Asheville developer Stewart Coleman‘s proposal to demolish the Hayes & Hopson Building is making its way through the city’s approval process, and Coleman says the 1905 structure could be torn down before the lawsuit that’s tying up his development proposal for the site is resolved.
“We are trying to get our ducks in a row so that when the lawsuit is overturned—and it will be—we can get to work,” he told Xpress. “Demolition of that building is something that could happen before the hearing of that lawsuit.”
The red-brick building stands on one of the parcels where Coleman intends to construct the nine-story Parkside condominium tower. A small adjoining parcel—formerly part of Pack Square Park—is home to a magnolia tree that was the focus of several demonstrations and a round-the-clock watch by activists this summer.
The city’s Downtown Commission will review the demolition application on Dec. 12, but it is merely a formality and the commission’s approval is not required. Meanwhile, the city’s Planning and Development Department has already signed off on the demolition, stating in its report that “there does not appear to be a valid rationale in the UDO to disapprove this request.”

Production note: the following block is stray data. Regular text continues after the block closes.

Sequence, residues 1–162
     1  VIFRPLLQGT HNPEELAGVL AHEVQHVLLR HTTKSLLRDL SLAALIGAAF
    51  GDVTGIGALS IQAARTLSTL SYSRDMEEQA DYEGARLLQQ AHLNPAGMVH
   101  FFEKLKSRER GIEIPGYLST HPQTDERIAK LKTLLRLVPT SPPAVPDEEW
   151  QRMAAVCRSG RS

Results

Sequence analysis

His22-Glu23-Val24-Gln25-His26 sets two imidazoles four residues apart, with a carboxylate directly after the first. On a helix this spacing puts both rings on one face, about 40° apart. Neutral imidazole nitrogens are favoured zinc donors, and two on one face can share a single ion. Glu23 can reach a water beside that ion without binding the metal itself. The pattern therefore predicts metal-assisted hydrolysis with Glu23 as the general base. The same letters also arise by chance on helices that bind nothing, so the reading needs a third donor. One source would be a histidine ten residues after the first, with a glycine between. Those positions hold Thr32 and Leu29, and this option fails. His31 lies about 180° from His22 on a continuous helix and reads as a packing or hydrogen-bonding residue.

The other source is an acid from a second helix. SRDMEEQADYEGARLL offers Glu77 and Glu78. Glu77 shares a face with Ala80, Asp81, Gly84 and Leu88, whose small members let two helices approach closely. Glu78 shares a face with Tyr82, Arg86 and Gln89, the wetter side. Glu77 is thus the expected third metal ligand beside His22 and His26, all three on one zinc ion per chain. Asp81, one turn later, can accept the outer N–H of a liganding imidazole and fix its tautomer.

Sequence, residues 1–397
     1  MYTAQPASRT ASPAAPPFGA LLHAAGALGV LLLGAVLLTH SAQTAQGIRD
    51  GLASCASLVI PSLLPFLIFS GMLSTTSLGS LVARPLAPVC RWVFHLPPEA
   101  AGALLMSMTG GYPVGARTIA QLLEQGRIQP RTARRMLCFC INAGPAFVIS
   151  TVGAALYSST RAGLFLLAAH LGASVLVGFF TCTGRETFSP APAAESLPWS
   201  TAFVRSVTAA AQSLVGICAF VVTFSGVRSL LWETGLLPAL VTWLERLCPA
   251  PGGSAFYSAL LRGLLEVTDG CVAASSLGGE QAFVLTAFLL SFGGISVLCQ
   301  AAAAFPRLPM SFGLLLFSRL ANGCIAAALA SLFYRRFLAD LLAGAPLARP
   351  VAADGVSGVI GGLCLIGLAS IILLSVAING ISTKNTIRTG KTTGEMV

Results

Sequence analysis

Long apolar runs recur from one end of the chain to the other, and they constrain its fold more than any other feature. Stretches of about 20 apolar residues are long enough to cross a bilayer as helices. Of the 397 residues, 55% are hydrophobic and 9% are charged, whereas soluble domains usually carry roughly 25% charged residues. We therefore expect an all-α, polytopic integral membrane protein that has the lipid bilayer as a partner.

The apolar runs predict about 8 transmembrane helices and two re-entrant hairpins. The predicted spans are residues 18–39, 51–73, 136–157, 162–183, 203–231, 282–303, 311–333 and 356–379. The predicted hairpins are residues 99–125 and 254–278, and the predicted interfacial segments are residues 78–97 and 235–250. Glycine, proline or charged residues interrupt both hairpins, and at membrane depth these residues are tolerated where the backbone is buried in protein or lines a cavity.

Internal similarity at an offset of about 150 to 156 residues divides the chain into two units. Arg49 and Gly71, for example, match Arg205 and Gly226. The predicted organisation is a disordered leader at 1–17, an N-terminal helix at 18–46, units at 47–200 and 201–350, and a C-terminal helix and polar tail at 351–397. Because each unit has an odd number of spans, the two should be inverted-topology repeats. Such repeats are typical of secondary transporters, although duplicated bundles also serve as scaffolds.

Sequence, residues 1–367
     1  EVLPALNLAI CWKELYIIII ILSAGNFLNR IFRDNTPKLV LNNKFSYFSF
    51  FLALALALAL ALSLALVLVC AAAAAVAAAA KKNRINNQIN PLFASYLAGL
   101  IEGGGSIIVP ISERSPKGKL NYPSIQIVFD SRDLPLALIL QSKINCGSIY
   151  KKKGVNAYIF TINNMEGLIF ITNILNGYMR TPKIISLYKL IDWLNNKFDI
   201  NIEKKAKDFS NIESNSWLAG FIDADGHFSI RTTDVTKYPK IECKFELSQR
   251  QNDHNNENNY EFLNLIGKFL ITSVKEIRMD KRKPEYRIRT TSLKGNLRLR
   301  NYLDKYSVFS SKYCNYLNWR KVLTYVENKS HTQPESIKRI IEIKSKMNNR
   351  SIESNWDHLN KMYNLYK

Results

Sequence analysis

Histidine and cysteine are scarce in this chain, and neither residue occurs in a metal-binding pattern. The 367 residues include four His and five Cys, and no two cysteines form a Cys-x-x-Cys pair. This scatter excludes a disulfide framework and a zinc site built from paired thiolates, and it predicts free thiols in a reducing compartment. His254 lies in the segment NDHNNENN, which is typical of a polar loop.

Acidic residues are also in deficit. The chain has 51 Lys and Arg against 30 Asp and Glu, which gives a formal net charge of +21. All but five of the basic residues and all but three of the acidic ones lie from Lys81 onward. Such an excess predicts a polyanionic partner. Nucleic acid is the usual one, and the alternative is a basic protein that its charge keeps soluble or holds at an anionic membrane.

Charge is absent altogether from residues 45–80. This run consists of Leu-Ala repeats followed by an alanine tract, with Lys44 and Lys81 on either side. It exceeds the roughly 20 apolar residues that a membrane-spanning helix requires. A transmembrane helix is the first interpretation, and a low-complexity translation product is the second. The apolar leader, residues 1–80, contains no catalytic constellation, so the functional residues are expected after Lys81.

A previous demolition plan was included as part of the original Parkside project, which the city’s Technical Review Committee approved earlier this year. But that application is currently tied up due to an Aug. 28 Superior Court ruling (now being appealed) that Buncombe County’s sale of the parkland to Coleman was illegal and to unresolved issues concerning an access road for the condos.
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Xpress reader Steve Rasmussen, one of the lead activists in the campaign to stop Parkside and save the magnolia tree on that property, sent us this historic postcard of the Hayes & Hopson building. He provides this descripition: “A 1951 color postcard of the Hayes-Hopson when it was an auto-parts dealer selling “Everything Automotive” (the largest and most successful independent auto-parts retailer in the region); note the 1940s-era autos parked in front. City Councilman Jan Davis told me he remembers frequently going to the H-H as a teenager to buy parts when he worked his first tire-store job. (Source: Durwood Barbour Collection of North Carolina Postcards (P077); collection guide available online at http://www.lib.unc.edu/ncc/pcoll/77barbour/77barbour.html”